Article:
That oversight was rectified Thursday, when the 92-year-old resident of Harmony Hall Assisted Living Center in Columbia received the overdue decoration at a ceremony hosted by the Howard County Office of Veterans and Military Families.
The former Marine, known as “Mr. Joe” at Harmony Hall, cracked a smile a few times during the ceremony and was appreciative for finally received the decoration.
“This is the medal that shows I served in the Second World War,” he said.
First issued as a service ribbon referred to as the Victory Ribbon, the World War II Victory Medal was established by an Act of Congress in 1945. Any member of the U.S. military who served in active duty, or as a reservist, between Dec. 7, 1941 and Dec. 31, 1946, is eligible to receive it.
Cacioppo admitted to being slightly “irked” that while Congress authorized the medal, some veterans, including himself, never obtained one.
“I feel that all the veterans from World War II should have it,” he said.
A number of warriors to embrace yoga as a therapeutic tool to treat pain and stress. At Fort Meade, the central Maryland U.S. Army base home to 14,500 military personnel, “yoga is very well respected and often advocated,” says Col. Beverly Maliner, chief of preventive medicine services.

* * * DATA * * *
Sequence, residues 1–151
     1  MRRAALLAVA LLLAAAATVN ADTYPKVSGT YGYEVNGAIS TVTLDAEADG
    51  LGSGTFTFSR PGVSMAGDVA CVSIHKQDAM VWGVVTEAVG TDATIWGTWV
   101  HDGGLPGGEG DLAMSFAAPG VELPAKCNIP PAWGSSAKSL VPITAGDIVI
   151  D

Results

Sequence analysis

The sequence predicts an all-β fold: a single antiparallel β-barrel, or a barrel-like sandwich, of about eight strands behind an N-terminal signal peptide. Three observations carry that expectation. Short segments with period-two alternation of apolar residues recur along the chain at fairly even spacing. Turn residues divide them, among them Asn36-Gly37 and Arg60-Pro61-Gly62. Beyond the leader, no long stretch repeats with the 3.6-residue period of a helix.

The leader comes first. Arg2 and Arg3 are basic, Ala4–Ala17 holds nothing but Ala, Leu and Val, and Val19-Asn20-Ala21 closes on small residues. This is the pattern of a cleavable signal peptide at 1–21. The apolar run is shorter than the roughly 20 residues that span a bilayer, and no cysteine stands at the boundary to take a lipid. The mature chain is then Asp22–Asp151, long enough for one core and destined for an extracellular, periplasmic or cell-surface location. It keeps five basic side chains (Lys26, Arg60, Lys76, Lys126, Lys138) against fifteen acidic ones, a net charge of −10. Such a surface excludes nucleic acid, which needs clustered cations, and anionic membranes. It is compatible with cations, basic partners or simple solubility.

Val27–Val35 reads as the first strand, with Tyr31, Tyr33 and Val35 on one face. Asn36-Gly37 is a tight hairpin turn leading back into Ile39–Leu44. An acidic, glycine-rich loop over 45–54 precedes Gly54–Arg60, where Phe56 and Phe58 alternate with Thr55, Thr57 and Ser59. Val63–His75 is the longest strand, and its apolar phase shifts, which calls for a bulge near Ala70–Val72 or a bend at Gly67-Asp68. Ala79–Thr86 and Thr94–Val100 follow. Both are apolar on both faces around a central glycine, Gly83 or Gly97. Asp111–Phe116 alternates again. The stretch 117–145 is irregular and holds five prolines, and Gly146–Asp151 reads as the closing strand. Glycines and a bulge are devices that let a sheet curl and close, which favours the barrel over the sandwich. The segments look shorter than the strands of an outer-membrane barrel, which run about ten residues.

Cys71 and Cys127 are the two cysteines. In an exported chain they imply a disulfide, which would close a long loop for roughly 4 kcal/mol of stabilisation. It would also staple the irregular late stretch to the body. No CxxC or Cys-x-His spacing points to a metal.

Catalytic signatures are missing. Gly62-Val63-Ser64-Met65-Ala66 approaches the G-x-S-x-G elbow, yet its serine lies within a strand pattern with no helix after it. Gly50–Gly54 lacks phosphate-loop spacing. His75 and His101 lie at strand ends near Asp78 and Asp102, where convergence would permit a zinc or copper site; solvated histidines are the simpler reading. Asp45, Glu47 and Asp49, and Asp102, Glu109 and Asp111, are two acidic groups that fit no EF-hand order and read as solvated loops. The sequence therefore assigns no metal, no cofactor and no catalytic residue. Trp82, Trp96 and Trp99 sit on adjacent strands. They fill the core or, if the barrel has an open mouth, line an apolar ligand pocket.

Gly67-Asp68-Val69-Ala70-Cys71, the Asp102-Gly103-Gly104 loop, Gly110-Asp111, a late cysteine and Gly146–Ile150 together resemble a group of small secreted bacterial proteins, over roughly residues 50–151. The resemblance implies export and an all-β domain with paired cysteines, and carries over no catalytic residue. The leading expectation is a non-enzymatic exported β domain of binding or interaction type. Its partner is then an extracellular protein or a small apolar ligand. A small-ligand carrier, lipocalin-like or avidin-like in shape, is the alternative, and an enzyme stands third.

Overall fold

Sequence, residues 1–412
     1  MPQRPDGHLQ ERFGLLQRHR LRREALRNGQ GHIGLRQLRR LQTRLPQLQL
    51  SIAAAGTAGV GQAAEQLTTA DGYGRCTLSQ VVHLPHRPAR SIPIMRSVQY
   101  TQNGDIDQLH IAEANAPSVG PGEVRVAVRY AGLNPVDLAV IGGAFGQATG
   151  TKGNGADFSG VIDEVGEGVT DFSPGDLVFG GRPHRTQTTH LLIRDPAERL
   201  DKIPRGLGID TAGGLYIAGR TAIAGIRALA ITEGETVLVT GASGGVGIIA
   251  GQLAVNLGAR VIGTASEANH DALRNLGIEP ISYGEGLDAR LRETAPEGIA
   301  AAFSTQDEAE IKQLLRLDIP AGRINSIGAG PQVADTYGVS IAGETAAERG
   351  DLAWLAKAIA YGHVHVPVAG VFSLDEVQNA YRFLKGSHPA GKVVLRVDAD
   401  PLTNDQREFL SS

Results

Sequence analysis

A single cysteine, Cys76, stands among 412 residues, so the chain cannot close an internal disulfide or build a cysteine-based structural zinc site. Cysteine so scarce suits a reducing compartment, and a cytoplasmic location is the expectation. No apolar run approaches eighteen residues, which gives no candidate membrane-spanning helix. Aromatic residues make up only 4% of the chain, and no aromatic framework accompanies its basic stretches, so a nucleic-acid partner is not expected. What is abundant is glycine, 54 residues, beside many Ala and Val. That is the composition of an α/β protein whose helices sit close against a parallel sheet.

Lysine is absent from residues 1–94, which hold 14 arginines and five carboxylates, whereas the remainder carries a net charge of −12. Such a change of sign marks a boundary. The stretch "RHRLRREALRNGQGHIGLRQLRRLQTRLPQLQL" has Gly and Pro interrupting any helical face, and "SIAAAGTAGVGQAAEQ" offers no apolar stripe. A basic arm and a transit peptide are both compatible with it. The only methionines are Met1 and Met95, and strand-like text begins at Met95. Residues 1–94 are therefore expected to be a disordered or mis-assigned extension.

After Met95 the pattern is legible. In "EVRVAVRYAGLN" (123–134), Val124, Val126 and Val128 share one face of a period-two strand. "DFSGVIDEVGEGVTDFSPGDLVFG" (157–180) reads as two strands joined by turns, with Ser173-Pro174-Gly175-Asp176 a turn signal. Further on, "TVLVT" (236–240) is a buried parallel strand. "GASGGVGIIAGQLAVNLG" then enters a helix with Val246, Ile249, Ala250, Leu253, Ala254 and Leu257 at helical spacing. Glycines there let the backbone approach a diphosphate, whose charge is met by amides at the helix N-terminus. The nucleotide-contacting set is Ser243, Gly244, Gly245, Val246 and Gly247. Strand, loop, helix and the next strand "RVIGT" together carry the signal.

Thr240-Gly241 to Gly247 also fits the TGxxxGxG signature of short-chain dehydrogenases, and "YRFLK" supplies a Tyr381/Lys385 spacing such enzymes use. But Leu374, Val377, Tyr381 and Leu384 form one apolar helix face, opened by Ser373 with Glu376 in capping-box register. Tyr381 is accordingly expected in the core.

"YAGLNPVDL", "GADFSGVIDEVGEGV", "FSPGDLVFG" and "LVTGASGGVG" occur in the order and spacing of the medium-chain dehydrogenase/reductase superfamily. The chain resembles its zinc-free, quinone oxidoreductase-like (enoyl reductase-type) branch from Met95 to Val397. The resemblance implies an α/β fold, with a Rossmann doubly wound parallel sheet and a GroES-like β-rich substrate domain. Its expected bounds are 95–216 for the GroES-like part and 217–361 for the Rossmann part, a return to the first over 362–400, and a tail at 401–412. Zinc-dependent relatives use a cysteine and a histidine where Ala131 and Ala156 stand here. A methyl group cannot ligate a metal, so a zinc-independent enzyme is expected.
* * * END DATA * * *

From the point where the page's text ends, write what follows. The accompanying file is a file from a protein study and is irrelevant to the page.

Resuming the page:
After learning that Cacioppo was among those who didn’t have one, Lisa B. Terry, manager of the Howard County Office of Veterans and Military Families, made it her mission to see that he received his medal.
She confirmed with the National Archives in College Park that he was indeed eligible, then actually bought one off eBay and organized a surprise ceremony.
“I’m very proud to be here to participate in this ceremony and make sure a deserving Marine receives the medal he is due,” Terry said.
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Thursday’s ceremony included an appropriate chain of command. The medal was formally awarded by Ret. Marine Corps Col. Lou Schott, a 98-year-old Columbia resident who also served during World War II, participating in the New Britain, Peleliu and Okinawa campaigns as well as the occupation of North China.
Schott has several awards and medals himself, including a Purple Heart and a Combat Action Ribbon — and the WWII Victory Medal. He said he was happy to be part of another veteran getting his due recognition.
“I never dreamed at the age of 98 I was going to present a medal to a young marine of 92,” Schott said.